The only metric that matters is how many dollars come in versus go out. That’s it.
Vanity metrics like follower counts and website visitors have a stronghold on marketers, but the only way to enable the existence of your business is with $$$.
That’s why I’d rather have a business that gets 100 website visitors per month with an average dollar collected value of $10 per month to earn $1,000 than 1,000 visitors per month with a per visitor value of $0.50, or $500.
Increased rates of downloads are nice, but… they mean nothing; it’s a distracting vanity metric.
Ask yourself this: why are you in business? Are you in business to maintain a professional image and copy everyone else’s strategies? Do you want to help people and make an impact? Do you simply want to turn a profit?
No matter the reason, there’s nothing wrong with your answer — but smart financial advisors lead with this: it’s all about dollars in versus dollars out.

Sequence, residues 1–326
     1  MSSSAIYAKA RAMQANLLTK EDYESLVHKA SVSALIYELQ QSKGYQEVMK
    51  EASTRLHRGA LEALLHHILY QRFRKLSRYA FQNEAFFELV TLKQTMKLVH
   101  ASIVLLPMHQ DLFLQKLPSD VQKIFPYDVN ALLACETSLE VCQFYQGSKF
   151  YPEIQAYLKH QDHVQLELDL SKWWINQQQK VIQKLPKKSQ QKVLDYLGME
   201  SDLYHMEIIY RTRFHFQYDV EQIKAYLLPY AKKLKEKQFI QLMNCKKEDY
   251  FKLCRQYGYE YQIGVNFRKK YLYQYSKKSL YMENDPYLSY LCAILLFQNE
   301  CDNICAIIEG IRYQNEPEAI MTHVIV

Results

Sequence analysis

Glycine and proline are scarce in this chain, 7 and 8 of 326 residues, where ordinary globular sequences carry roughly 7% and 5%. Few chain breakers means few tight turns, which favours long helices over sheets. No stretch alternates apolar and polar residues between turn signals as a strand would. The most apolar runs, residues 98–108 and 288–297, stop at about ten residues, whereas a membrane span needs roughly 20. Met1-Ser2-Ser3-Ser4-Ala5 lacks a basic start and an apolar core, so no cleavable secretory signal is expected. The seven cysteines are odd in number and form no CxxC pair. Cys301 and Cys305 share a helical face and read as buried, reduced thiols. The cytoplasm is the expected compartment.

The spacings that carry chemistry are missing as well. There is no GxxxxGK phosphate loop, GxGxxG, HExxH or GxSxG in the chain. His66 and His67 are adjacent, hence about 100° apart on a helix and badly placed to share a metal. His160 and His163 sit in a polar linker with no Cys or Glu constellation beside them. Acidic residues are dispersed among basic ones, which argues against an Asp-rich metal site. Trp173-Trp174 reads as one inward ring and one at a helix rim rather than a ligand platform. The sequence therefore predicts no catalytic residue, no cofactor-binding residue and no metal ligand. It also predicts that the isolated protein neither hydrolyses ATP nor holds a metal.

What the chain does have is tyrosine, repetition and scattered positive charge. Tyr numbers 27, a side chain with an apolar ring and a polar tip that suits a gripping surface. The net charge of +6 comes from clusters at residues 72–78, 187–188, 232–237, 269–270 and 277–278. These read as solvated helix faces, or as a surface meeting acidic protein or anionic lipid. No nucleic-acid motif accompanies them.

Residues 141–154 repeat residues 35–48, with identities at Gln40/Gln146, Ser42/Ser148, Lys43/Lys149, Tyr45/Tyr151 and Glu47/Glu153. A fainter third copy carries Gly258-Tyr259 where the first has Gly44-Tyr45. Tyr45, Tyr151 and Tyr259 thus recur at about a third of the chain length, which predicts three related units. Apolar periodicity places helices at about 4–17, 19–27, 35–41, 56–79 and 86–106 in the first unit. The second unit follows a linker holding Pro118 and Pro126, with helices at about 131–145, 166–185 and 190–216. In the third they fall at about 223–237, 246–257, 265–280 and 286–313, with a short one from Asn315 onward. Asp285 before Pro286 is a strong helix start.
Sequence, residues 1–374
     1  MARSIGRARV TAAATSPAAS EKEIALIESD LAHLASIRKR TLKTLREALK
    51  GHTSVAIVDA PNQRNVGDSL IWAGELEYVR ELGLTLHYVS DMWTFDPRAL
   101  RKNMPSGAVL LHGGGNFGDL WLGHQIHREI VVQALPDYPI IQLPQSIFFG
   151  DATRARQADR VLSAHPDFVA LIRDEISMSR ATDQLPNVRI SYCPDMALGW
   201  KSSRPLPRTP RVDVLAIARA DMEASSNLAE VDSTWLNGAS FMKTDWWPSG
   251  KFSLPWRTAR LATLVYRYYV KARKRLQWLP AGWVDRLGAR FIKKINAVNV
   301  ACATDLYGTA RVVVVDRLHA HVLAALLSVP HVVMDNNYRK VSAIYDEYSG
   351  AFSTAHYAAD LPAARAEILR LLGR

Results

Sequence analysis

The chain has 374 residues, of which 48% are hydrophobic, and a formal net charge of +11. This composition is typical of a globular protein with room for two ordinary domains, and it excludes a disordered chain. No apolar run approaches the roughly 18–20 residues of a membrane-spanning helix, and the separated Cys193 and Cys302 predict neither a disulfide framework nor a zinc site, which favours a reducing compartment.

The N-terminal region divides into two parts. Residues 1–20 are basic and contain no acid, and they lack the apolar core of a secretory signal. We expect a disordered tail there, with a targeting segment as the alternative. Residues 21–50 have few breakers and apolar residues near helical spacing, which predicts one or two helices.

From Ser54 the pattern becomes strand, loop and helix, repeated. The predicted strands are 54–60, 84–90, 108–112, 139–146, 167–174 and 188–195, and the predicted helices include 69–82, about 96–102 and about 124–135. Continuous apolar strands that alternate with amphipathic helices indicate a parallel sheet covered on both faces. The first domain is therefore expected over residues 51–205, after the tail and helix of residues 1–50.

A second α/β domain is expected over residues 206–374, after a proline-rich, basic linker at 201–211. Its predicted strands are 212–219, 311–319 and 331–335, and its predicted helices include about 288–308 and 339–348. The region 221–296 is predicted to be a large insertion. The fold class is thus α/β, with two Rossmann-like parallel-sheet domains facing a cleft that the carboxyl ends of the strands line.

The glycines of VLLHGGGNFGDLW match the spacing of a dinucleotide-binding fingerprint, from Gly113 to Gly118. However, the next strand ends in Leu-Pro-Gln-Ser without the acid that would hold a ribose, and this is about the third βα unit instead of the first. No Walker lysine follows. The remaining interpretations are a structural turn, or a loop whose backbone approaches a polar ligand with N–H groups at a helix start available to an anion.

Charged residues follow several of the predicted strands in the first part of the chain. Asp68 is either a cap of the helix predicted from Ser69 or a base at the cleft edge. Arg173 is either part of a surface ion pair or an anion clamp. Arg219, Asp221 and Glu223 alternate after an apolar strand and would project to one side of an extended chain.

4. Timing Matters
Pro-tip: find out when your target market scrolls Facebook, and post ads at those times for maximum engagement.
Want to figure this out faster? Monitor your Facebook chat for the next week to make a note of how many people are “online” at various times of the day. If those people are representative of your target market, you can make a quick judgment.
Advisors who target businesses almost always see higher engagement on weekdays, for instance, while those who target consumers see an increase in engagement on the weekends.
Here’s another rule of thumb: the best days to post on Facebook are Thursday and Friday, and the best times are between 1 p.m. and 3 p.m. Of course, don’t let that stop you from posting outside of these days and times. After all, it’s better to have some people see you than no one at all.
Databox conducted a study of 45+ Facebook Ads experts (including me!), asking what they consider to be a good engagement rate. Check out the breakdown of the responses 👇
5. Your Facebook Ad Spend Is An Investment, Not An Expense...
An expense is typically a sunk cost — you’ll never get your money back from your dinner at Outback Steakhouse last night, for instance. But when you pay to show your ad to people on Facebook, it’s an investment.